When Pāpāmoa’s Bob Manihera dies, he doesn’t want his whānau left wondering about what he might have wanted for his tangihanga (funeral) or having to sort out his affairs.
Bob, 66, has an Advance Care Plan – a plan he has worked on with his family doctor and made his whānau aware of. Advance care planning, promoted by the Health Quality & Safety Commission New Zealand, isn’t just for older people or people who are unwell.
Bob (Tainui) had a stroke in 2009 and has epilepsy, but is otherwise in good health.
An ACP is a chance to share the things that matter to you and what worries you, decisions about your health, your views on dying and what sort of care you would like, and what you would like to happen after your death.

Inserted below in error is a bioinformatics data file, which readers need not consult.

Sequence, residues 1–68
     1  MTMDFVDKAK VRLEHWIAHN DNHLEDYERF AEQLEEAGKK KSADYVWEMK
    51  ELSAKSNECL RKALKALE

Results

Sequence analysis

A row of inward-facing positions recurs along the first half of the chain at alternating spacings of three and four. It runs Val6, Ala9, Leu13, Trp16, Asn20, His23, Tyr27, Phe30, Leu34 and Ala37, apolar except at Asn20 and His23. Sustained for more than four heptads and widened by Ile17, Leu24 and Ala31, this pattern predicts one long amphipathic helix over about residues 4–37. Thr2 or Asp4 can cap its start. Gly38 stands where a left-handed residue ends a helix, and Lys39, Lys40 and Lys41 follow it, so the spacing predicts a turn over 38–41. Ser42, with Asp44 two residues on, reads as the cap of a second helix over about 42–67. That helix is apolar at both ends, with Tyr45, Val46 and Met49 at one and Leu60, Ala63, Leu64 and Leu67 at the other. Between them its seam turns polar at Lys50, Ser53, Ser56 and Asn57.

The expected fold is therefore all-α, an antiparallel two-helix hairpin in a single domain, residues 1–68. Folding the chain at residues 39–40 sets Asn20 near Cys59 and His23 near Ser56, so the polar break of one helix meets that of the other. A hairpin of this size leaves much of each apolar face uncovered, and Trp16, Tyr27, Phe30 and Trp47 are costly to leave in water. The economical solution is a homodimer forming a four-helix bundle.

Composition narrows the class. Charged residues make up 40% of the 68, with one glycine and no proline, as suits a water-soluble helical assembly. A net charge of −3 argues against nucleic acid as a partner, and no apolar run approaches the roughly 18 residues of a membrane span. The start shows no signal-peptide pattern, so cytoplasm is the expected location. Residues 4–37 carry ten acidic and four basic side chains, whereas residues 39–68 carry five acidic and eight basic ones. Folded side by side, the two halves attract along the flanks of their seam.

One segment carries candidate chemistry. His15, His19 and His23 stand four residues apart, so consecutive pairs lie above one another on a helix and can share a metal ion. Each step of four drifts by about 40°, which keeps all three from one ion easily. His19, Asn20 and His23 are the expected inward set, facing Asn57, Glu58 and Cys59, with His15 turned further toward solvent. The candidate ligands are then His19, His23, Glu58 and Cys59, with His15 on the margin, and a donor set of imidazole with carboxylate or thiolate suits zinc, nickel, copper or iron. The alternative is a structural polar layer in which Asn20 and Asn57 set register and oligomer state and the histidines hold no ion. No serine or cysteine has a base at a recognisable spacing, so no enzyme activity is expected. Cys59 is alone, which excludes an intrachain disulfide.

“It’s important to think about these things while you have your full faculties,” says Bob, who has three children and eight grandchildren.
In the process of developing his ACP, Bob has been learning about the tikanga (customs) for tangihanga. While burial is more common in Māori culture, Bob has decided to be cremated and have his ashes buried with his wife at her marae in Tauranga.